Every Police force across the U.K. has a code of ethics and a panel to go with it.
They meet every six weeks and talk about ethics within policing. These panels expect the highest standards of behaviour and conduct from the police officers and staff within the force.
Surely these code of ethics should also be a reflection and followed by those independent people who sit on these panels.
They expect the highest standards from those officers, but we as members of the public should also expect the highest standards of behaviour from those who sit within these panels.
We should expect these standards to be adhered to within everyday life and within the online social media world. After all if the code of ethics panels cannot adhere to these basic standards how can we expect others too.
What are the code of ethics?
The Code of Ethics is a code of practice for the principles and standards of behaviour that applies to the police service in England and Wales.
The code of ethics applies to anyone working on behalf of the police service which actually also includes those members of the panels which in some cases don’t seem to follow their own ethics.
Police Ethics panels: Acting with honesty and integrity, fairness and impartiality Treating members of the public & their colleagues with respect Not abusing their powers and authority Acting in a manner that does not discredit or undermine public confidence in the police service
— Police Hour (@PoliceHour) March 16, 2018
We expect from those who are working within the police service as a basic. .
- Acting with honesty and integrity, fairness and impartiality.
- Treating members of the public and their colleagues with respect.
- Not abusing their powers and authority.
- Acting in a manner that does not discredit or undermine public confidence in the police service.
Making Ethical Decisions
The Code of Ethics promotes the use of the National Decision Model (NDM) to help embed ethical reasoning in accordance with policing principles and expected standards of behaviour.
The model allows people to be more questioning of the situations confronting them, more challenging of themselves and better able to make ethical and effective decisions.
The model places the Code of Ethics at the centre of all decision making.
This reminds those in the policing profession that they should consider the principles and expected standards of behaviour set out in the Code at every stage of making decisions.
The NDM is inherently exible. It can be applied to spontaneous incidents or planned operations, by an individual or teams of people, and to operational and non-operational situations.
It can also be expanded as appropriate for specialist and other areas of policing. The NDM also works well for reviewing and debrie ng decisions and actions.
In every case the elements of the NDM stay the same, but users decide for themselves which questions and considerations they apply at
Understanding, practising and using the NDM helps people develop the knowledge and skills necessary to make ethical, proportionate and defensible decisions in all policing situations.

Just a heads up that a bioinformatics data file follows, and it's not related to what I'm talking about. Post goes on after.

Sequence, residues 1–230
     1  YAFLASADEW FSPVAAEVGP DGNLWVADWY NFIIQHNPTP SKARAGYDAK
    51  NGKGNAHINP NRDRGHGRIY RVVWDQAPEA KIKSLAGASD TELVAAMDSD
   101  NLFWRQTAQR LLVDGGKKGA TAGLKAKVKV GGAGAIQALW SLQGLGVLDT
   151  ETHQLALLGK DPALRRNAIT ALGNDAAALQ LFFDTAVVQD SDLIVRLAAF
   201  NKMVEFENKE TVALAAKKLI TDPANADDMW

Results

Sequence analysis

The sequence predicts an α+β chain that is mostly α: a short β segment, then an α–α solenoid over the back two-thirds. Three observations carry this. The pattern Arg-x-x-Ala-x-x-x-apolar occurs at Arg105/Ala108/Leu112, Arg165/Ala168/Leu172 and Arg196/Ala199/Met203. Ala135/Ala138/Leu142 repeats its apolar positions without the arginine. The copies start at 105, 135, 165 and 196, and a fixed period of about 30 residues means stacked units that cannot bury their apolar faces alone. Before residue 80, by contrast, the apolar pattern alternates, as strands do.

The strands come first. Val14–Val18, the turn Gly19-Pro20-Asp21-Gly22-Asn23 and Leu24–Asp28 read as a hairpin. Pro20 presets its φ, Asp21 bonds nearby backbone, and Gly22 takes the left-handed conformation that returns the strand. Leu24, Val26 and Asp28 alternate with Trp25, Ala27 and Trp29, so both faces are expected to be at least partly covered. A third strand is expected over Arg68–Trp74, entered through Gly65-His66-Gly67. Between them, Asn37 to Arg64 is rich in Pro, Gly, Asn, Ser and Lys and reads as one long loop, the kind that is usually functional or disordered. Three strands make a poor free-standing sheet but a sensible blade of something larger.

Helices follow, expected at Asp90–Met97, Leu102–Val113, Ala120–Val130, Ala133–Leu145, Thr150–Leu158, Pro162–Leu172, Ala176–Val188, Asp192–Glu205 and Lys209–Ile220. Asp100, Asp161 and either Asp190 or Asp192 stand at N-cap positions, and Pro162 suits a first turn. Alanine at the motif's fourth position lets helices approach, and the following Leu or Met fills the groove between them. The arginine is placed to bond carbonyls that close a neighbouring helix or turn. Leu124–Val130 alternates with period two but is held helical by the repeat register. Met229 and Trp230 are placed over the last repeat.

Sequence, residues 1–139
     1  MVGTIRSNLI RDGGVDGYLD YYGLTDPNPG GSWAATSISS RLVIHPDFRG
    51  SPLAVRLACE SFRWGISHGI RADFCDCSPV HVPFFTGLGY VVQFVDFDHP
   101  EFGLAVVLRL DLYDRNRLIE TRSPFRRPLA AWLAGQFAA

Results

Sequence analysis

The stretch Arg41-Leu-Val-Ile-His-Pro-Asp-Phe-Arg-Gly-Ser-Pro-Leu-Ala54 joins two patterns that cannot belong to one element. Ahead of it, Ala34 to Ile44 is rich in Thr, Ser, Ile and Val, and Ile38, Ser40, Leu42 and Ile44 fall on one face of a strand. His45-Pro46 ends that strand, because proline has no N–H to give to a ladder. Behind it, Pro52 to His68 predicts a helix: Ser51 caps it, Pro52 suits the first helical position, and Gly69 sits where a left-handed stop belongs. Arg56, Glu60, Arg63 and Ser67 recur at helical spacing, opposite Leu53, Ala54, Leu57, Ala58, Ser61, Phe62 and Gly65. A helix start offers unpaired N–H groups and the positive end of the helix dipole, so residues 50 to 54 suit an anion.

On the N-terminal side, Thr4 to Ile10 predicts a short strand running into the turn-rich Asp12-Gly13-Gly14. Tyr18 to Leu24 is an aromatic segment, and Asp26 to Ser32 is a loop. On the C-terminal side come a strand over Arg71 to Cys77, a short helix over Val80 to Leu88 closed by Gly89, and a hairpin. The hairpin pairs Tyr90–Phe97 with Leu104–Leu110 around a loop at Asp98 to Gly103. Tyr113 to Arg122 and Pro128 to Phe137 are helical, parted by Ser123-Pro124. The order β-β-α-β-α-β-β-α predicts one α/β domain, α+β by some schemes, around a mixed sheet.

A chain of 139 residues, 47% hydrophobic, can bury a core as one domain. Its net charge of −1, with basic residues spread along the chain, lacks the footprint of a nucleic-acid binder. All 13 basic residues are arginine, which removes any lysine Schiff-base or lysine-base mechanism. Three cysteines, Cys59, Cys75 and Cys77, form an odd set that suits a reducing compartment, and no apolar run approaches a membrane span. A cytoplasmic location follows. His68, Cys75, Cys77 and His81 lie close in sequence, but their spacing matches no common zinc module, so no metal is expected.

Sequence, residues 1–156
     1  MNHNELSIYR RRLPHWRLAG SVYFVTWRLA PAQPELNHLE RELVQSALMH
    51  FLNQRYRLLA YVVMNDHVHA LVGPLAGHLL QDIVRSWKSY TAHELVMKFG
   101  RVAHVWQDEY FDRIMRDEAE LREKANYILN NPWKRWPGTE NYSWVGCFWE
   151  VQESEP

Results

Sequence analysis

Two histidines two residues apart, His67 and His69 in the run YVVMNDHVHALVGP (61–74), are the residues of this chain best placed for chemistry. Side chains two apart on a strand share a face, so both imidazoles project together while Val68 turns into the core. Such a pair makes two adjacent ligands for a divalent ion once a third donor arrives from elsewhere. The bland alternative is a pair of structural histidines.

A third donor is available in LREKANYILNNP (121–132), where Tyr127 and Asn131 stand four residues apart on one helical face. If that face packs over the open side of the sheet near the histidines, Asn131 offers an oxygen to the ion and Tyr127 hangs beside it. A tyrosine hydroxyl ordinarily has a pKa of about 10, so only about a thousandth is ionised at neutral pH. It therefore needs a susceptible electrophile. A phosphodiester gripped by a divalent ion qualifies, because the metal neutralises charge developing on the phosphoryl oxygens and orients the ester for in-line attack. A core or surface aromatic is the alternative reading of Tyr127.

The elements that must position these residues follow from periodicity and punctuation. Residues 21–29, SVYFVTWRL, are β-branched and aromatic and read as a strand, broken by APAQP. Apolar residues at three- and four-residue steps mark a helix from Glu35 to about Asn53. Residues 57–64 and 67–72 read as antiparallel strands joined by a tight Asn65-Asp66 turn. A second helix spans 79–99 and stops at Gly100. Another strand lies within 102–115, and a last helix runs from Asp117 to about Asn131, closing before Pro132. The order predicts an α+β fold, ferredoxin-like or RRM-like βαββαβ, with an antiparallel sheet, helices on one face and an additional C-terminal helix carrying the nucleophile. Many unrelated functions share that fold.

In a fast-moving incident, the main priority of decision makers is to keep in mind the principles and standards set out in the Code of Ethics.
You are not expected to know the Code of Ethics word for word. What is expected is that you apply the intent of the Code to your decisions and ask yourself questions such as:
• Is my decision in line with the principles and expected behaviours outlined in the Code of Ethics?
• Will this action or decision re ect well on my professionalism and policing generally?
• Would I be comfortable explaining this action or decision to my supervisor?
• Would I be prepared to defend this action or decision in public?
Independent Ethical Panels
We understand the value that ethics panels add to all levels of the police service but do they add anything to policing? Are they just talking and achieving nothing? Some would say they are an invaluable resource.
It could be argued that some members of these independent ethical panels aren’t adhering to the values of the purpose of the ethical panels, some are publicly acting in a way to deliberately undermine public confidence in the police service to achieve and follow their own agenda publicly targeting police officers and members of the public in a way that is verging on the boundaries of Harassment and malicious communications all in the name of Ethical policing.
These members are going unchallenged because they believe they are simply above the law when it comes to Ethical Policing and we have to questions the motives for these people wanting to be on Ethical Panels.
Members of these panels are not acting honestly, with integrity, fairness and impartiality these panels.
So we would question the direct ethics of these ethical policing panels.
And ask ourselves are they worth the money spent on them?
Do they just create problems that don’t exist? Are they overthinking the whole thing?
Or are they adding value to the service, valuable change and meaningful discussions?
We know that many members of Ethical Panels are adhering to these standards and do have the right intentions but it is now your challenge to ensure other members no longer go unchecked.
Tweet views to @PoliceHour